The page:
On March 16, the U.S. Department of Labor’s Occupational Safety and Health Administration (OSHA) cited NSU for 10 serious safety violations for exposing employees to formaldehyde in the anatomy lab in the Terry Administration Building.
The citations include not providing personal protective equipment to workers exposed to formaldehyde, exposing workers to formaldehyde levels beyond the safe exposure limits, not providing a medical surveillance program for workers found to be over the short-term exposure limit, not taking corrective action to reduce worker exposure, not providing eyewash stations in the work area where workers prepared a formaldehyde solution, failing to provide employees who were over the exposure limit with their sampling results and neglecting to take the necessary steps to reduce or eliminate exposure.
The citations were classified as “serious” because there is a high probability that death or serious physical harm could result from the situation, which the employer knew of or should have known about.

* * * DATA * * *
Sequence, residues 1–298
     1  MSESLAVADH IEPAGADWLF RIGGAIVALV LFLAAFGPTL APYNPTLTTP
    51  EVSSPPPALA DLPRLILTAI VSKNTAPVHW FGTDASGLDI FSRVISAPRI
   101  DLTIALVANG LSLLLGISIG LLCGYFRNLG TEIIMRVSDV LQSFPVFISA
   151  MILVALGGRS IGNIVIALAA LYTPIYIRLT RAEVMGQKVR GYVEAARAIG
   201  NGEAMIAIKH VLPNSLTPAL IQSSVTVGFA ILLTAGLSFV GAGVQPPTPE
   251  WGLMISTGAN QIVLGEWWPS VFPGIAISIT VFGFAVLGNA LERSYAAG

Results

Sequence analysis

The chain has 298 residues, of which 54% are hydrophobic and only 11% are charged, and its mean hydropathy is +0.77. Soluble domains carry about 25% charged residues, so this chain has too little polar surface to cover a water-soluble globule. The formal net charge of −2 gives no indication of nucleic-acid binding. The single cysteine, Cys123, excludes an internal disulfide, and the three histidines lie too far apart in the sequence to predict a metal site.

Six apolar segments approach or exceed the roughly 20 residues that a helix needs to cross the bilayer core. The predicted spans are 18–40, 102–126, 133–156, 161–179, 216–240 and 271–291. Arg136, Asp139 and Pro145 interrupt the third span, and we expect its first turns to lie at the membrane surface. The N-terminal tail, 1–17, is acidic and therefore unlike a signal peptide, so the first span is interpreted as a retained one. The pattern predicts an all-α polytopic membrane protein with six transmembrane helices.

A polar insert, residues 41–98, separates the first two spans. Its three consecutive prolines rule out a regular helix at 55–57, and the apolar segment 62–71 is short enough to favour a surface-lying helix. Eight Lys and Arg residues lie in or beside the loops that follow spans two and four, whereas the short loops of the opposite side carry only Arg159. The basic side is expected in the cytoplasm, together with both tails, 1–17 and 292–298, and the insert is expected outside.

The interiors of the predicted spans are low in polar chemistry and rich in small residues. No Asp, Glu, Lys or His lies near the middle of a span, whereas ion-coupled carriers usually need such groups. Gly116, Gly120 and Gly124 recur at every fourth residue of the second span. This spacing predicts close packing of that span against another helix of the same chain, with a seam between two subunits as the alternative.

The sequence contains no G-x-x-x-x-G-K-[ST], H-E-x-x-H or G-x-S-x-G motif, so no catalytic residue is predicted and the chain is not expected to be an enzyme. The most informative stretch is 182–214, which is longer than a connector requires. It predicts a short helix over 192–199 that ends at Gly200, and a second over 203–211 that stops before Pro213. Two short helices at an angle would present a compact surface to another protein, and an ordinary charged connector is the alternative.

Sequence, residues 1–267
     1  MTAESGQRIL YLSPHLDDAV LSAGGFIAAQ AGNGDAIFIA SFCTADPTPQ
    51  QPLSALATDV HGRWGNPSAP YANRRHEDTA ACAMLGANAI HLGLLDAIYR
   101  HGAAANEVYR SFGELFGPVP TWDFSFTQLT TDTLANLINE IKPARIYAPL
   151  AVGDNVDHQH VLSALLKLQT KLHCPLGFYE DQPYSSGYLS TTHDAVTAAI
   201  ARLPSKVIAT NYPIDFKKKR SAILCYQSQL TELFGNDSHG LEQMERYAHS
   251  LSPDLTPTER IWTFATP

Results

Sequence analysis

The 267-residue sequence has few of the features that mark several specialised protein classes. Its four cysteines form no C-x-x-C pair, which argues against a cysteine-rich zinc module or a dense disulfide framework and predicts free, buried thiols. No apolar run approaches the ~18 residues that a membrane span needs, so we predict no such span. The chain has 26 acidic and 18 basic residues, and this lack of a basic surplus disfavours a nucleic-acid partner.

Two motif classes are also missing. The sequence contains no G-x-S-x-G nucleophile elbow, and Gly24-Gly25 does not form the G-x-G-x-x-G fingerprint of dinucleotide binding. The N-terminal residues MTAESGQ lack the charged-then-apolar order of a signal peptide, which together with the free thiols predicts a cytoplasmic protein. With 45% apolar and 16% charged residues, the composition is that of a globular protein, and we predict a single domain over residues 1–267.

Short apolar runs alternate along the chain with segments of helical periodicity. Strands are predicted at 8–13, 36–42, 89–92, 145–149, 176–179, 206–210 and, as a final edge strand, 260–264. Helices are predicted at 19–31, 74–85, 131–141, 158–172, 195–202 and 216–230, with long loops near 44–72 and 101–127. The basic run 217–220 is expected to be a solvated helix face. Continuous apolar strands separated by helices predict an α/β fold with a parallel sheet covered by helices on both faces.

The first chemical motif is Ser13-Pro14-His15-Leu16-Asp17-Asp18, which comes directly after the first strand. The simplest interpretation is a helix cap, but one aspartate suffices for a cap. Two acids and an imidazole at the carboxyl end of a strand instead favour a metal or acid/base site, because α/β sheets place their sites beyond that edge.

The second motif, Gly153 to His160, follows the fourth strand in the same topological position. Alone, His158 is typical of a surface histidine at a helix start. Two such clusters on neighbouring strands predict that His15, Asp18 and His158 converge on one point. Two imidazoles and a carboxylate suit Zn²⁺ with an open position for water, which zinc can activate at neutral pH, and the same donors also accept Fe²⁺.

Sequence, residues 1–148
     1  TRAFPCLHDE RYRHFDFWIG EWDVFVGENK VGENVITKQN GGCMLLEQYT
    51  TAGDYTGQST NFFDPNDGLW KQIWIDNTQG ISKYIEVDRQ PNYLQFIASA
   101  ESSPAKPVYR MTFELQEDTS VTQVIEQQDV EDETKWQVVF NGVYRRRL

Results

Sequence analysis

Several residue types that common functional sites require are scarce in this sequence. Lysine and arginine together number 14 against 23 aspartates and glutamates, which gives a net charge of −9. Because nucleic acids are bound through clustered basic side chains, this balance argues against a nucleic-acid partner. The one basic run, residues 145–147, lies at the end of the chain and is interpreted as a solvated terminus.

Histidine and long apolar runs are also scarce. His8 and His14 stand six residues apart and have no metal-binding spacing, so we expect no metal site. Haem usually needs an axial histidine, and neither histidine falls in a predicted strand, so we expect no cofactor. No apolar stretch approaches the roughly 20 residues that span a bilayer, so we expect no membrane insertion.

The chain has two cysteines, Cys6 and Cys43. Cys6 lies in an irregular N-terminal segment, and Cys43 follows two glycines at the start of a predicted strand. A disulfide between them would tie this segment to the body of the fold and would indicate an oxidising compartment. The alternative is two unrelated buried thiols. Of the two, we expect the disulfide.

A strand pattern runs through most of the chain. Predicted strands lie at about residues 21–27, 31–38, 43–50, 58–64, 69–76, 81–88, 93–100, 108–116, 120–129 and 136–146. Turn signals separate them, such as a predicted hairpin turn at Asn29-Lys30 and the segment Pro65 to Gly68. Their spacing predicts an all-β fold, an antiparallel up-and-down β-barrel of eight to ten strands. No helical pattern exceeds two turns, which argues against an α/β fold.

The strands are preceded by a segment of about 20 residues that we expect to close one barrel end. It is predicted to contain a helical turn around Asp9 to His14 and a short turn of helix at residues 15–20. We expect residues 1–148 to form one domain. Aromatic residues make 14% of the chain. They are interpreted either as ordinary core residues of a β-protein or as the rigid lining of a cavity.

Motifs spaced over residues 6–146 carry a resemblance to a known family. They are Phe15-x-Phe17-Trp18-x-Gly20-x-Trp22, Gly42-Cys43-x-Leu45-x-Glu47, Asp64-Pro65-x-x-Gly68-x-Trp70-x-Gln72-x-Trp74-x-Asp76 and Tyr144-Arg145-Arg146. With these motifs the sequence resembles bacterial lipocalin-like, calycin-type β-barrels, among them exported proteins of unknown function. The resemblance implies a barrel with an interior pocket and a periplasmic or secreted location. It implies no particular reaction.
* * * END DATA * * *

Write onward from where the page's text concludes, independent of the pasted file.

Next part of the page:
The Department of Labor issued a news brief on the incident in which Beatriz Cabrera, acting area director of OSHA in Fort Lauderdale, said, “NSU failed to protect its workers from the hazards of over-exposure to formaldehyde.”
Formaldehyde is known for causing eye and nose irritation, coughing and wheezing. Overexposure to the chemical can cause allergic reactions in the lungs, skin and eyes and has been linked to cancer.
The investigation was launched on Nov. 5, 2014, after the Fort Lauderdale office received a complaint that NSU faculty was exposed to formaldehyde in the anatomy lab in the Terry Building.
Prior to the complaint, NSU made multiple failed attempts to address ventilation issues in the lab. As a result, NSU President George Hanbury approved a re-design of the lab in January that will include new ventilation and new downdraft tables made specifically for autopsy labs. The anatomy lab is under restricted access until the re-design is complete at the end of June.
“The safety of our faculty, staff and students is always my greatest concern,” Hanbury said.
NSU was last inspected on July 25, 2001 and no citations were issued.
OSHA has penalized NSU with a $50,000 fine. NSU has 15 business days from the receipt of the citations to comply, request a conference with OSHA’s area director or contest the citations before the Occupational Safety and Health Review Commission.
Hanbury said that NSU has requested an informal conference with OSHA to address the issue and he expects to lessen the penalty of the citations. More information will be available after the conference.